c# - Singleton vs Static Class for exposing data read from xml - Stack Overflow

admin2022-06-14  66

We have a PageRoles xml file which contains the page path and the user role that can access that page.

We are maintaining a Dictionary in a static class, which gets loaded int static constructor for the class. The class has a method CheckIfRoleAllowed that takes in a page path and returns a bool.

Each page call the CheckIfRoleAllowed on Page Init.

static class PageAccessChecker
{
 static Dictionary<string, UserRoleType[]> _PageAccessPermissions;
 static FileSystemWatcher _XmlWatcher;

 static PageAccessChecker()
 {
   // Load page access permissions from xml
   // Set FileSystemWatcher watcher to watch for changes
 }

 public static CheckIfRoleAllowed(string pagePath)
 {
 }

}

Would we be better off doing this using the singleton pattern? If yes, why?

Kind regards.

Answers:

We have a PageRoles xml file which contains the page path and the user role that can access that page.

We are maintaining a Dictionary in a static class, which gets loaded int static constructor for the class. The class has a method CheckIfRoleAllowed that takes in a page path and returns a bool.

Each page call the CheckIfRoleAllowed on Page Init.

static class PageAccessChecker
{
 static Dictionary<string, UserRoleType[]> _PageAccessPermissions;
 static FileSystemWatcher _XmlWatcher;

 static PageAccessChecker()
 {
   // Load page access permissions from xml
   // Set FileSystemWatcher watcher to watch for changes
 }

 public static CheckIfRoleAllowed(string pagePath)
 {
 }

}

Would we be better off doing this using the singleton pattern? If yes, why?

Kind regards.

Answers:

I can see two advantages of using the singleton pattern (if implemented through, say, a static property):

  1. you can delay loading the XML file until the first page is accessed.
  2. you can check whether the XML file has changed on disk, and automatically reload it on the next access.

A disadvantage might be that you need to make access thread-safe using a lock.

Answers:

Actually you really don't want either a singleton or a static class.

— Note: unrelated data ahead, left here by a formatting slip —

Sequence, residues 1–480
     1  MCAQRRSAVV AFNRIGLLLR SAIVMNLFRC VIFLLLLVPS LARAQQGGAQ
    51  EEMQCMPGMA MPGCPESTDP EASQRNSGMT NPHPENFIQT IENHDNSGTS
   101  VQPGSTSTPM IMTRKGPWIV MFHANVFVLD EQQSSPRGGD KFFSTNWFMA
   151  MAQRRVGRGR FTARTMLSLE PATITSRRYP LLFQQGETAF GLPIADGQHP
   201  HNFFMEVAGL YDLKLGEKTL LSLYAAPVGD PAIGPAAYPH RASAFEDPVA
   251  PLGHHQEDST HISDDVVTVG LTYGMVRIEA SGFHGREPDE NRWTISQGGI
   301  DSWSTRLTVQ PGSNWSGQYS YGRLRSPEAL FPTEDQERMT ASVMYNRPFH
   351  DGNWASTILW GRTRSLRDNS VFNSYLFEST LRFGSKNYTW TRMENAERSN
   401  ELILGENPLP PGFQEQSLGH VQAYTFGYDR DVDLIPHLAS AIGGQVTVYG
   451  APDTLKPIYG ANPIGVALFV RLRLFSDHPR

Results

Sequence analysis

First of all, a static class is a singleton. I guess what you are really asking is "Is it a benefit to add the rigmarole to insure that it's threat safe and there exist only one, or in other words, do I need a 'special' singleton?" To which the answer is "No", since you don't want a singleton.

A singleton is intended for objects which there can be only one, not for objects where only one is needed. This is not the case here. There is nothing about this situation which calls for a singleton. What you actually want is a thing called a "global variable".

"But, Wait!!!" you say. "Aren't global variables evil?" Well, yes, there are. But that's irrelevant here. Whether you call it a static class or a singleton or whatever, what you actually have here is a global variable. Calling it something else isn't going to change anything.

Answers:

You do use a singleton. Simply, there are 2 usual implementations for singletons, the other being instantiating the class and having a static member referencing this instance.

Your implementation makes calls simpler IMO :

PageAccessChecker.CheckIfRoleAllowed(path);

instead of:

PageAccessChecker._default.CheckIfRoleAllowed(path);

Answers:

If you keep the class constructor private, there's no real difference - they are both global variables that can be lazily initialized.

If you keep the class constructor public or protected and only use the pattern to create a global (not to enforce a single instance), you can at least test your singleton class.

But what you should really try is to avoid singletons and use dependency injection instead. See Singletons are Pathological Liars by Miško Hevery.

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